Gianna: Aborted...and Lived to Tell about It
Jessica Shaver - 1995
Feeling abandoned and desperate, she stepped into the clinic to have an abortion. But in the midst of it, something unexpected happened . . . something wonderful. Instead of snuffing out the growing life within, the procedure failed. And with defiance and courage, a baby girl made her way into the world. "Gianna" is the incredible true story of one girl's remarkable journey from abortion survivor to steadfast defender and lover of life. This book isn't about issues —it's about a young woman's determination to make the most of her God-given opportunities.
Ned Kelly: A Short Life
Ian Jones - 1995
Ned Kelly emerges as a man who hated conflict yet never escaped it. A thorough account of a most remarkable life. Author Biography: As an historical writer, IAN JONES has written for television and film, his work including THE SULLIVANS, AGAINST THE WIND, THE LAST OUTLAW and THE LIGHTHORSEMEN.
Living with the Dead: Twenty Years on the Bus with Garcia and the Grateful Dead
Rock Scully - 1995
In Living with the Dead, Scully gives a complete account of his outrageous experiences with the band, during years that saw the Grateful Dead transform from a folksy revivalist band to psychedelic explorers of outer space. In addition to close-up portraits of band members Jerry Garcia, Bob Weir, Pigpen, Phil Lesh, Micky Hart and Bill Kreutzmann, Scully brings into the story many of the people the Dead encountered in their journeys across America's musical landscape, including Ken Kesey, Janis Joplin, Etta James, Bob Dylan, Paul Simon, and the Jefferson Airplane. Scully tells the story of the band with genuine feeling; the tour disasters, acid trips, and burnouts, but most importantly the exaltation of delivering fantastic music.
Man Enough to be a Woman: The Autobiography of Jayne County
Jayne County - 1995
From the 60?s to the 90?s she?s been the craziest, the most extreme queen ever to hit a rock ?n? roll stage. She?s known and worked with Warhol, Bowie and Derek Jarman, been an actress, a singer and a prostitute. She?s the world?s original and only rock ?n? roll transsexual, crossing the genders in the full glare of publicity. Man Enough to be a Woman is the wild, hilarious and shameless account of Jayne?s life from her cissy-boy childhood in Georgia to her current 90s renaissance, as a new wave of superstars claim her as their inspiration.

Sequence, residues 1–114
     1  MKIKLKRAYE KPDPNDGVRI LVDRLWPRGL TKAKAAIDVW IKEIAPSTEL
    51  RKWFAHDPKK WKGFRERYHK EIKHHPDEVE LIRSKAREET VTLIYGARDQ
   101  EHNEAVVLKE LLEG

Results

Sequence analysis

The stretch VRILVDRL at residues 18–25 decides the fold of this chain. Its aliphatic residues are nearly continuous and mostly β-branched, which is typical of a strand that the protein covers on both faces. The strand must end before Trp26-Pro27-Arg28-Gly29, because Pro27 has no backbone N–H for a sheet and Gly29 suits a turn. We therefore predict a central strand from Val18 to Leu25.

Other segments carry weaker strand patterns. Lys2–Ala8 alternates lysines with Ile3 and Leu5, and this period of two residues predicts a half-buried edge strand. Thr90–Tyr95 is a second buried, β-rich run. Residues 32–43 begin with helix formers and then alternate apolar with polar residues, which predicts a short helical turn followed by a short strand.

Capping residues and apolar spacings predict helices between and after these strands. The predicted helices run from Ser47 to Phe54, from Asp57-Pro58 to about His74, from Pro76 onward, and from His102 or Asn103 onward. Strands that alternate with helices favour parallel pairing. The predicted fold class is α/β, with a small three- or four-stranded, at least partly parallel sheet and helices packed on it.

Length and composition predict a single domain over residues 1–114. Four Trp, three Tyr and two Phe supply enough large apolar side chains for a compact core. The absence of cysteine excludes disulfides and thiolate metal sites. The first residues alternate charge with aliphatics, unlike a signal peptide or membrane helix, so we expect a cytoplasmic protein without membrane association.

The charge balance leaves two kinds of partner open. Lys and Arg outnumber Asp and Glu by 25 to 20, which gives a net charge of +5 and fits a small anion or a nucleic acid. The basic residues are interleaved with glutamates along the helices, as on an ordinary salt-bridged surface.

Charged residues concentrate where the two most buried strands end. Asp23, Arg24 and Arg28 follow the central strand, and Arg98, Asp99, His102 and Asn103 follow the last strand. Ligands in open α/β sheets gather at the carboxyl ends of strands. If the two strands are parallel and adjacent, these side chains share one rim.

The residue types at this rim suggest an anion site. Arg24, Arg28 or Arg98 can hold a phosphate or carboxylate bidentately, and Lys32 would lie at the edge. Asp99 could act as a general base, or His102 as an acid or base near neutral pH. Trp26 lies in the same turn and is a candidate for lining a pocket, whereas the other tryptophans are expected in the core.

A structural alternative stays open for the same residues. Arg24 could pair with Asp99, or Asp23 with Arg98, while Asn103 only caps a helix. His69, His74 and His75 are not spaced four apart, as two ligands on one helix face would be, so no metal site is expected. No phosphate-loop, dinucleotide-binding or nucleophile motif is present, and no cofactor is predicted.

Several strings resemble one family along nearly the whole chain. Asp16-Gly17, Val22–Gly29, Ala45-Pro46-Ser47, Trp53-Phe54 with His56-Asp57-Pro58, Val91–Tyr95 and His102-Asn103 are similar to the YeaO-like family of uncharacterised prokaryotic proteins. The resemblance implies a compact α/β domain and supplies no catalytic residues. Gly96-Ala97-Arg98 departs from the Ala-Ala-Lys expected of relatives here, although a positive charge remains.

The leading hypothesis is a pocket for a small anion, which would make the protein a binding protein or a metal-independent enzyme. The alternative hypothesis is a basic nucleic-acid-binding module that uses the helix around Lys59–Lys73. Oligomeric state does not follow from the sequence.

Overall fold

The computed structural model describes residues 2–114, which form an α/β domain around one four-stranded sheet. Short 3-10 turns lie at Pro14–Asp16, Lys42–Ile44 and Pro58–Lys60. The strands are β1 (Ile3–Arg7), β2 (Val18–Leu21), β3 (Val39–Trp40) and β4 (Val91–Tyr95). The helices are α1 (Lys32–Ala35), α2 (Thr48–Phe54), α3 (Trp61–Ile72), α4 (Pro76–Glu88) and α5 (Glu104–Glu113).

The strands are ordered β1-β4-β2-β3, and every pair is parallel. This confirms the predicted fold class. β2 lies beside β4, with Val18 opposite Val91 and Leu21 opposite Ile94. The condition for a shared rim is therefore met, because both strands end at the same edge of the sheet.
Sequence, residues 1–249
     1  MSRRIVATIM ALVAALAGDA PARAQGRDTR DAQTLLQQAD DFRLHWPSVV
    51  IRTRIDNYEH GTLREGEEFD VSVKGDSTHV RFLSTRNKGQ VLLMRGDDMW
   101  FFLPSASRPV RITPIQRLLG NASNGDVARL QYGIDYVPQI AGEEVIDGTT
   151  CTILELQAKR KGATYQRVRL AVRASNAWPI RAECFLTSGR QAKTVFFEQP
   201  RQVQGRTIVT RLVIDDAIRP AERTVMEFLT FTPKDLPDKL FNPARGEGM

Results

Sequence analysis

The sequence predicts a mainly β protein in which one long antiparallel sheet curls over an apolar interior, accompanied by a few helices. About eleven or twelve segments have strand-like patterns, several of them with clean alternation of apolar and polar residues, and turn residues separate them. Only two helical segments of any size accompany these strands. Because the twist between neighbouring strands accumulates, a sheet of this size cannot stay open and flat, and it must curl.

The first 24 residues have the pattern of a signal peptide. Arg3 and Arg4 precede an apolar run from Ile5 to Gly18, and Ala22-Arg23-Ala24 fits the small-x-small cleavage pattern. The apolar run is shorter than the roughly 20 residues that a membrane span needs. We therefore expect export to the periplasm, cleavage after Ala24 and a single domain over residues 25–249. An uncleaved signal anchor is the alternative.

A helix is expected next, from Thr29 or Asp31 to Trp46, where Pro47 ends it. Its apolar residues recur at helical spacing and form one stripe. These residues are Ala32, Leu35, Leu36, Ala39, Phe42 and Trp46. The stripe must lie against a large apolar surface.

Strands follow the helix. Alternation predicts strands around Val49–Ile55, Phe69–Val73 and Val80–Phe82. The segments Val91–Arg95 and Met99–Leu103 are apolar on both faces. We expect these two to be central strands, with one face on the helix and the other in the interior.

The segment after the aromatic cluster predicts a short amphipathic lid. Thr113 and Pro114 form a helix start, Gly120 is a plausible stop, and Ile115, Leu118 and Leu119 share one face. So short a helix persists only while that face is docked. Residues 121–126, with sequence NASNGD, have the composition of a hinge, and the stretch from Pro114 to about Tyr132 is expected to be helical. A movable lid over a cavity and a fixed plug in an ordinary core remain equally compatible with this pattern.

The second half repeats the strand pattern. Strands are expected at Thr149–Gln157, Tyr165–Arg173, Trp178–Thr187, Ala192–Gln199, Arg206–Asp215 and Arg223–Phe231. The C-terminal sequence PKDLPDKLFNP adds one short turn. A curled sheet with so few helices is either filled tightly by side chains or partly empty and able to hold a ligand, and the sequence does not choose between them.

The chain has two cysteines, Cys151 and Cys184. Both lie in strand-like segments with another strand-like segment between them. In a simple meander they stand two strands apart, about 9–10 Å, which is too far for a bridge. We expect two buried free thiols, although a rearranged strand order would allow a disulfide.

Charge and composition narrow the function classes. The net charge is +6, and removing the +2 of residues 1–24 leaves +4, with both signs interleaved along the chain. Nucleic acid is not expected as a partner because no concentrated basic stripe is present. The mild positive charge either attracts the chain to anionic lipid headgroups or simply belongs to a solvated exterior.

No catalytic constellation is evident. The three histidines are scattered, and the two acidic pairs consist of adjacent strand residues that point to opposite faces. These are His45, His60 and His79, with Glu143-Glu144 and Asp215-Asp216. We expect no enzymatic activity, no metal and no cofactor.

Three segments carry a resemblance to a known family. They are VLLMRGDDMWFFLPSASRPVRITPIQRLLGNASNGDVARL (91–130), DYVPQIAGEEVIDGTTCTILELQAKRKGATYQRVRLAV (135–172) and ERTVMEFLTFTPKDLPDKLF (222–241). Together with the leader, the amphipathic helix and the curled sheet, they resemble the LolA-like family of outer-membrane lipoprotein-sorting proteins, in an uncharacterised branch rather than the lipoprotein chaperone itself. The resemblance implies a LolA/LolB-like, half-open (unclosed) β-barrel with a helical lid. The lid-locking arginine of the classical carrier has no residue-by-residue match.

Here We Go Again: My Life In Television
Betty White - 1995
She is one of the hardest-working actresses of any era, and her sense of humor and perennial optimism have seen her through half a century of industry changes and delighted millions of fans. Now, during Betty’s sixty-first year on screen, a year in which she has enjoyed a huge resurgence of popularity, her 1995 memoir makes a comeback too. Here We Go Again is a behind-the-scenes look at Betty’s career from her start on radio to her first show, Hollywood on Television, to several iterations of The Betty White Show and much, much more. Packed with wonderful anecdotes about famous personalities and friendships, stories of Betty’s off-screen life, and the comedienne’s trademark humor, this deliciously entertaining book will give readers an entrée into Betty’s fascinating life, confirming yet again why we can’t get enough of this funny lady.
Mathematicians are People, Too: Stories from the Lives of Great Mathematicians (Volume Two)
Luetta Reimer - 1995
Volume Two dramatizes the lives of Omar Khayyam, Albert Einstein, Ada Lovelace, and others.Book Details: Format: Paperback Publication Date: 6/20/1995 Pages: 152 Reading Level: Age 8 and Up
Holly George-Warren - 1995
As the lead singer and spiritual center of the traveling band the Grateful Dead, Garcia commanded a large and loyal following. This book, with its many striking photographs and illustrations and with its writings by some of rock journalism's biggest names, is a wonderful and lasting testament to one of rock music's greatest stars.Compiled by the editors of Rolling Stone magazine, Garcia includes writings by Ken Kesey, Anthony DeCurtis, Mikal Gilmore, Robert Hunter, and Jann Wenner, as well as photographs and drawings by, among others, Annie Leibovitz, Al Hirschfeld, R. Crumb, and Allen Ginsburg.
Hidden Lives: A Family Memoir
Margaret Forster - 1995
Where had she spent the first 23 years of her life? Who was the woman in black who paid her a mysterious visit shortly before her death? How had she borne living so close to an illegitimate daughter without acknowledging her? The search for answers took Margaret on a journey into her family’s past, examining not only her grandmother's life, but also her mother’s and her own. The result is both a moving, evocative memoir and a fascinating commentary on how women’s lives have changed over the past century.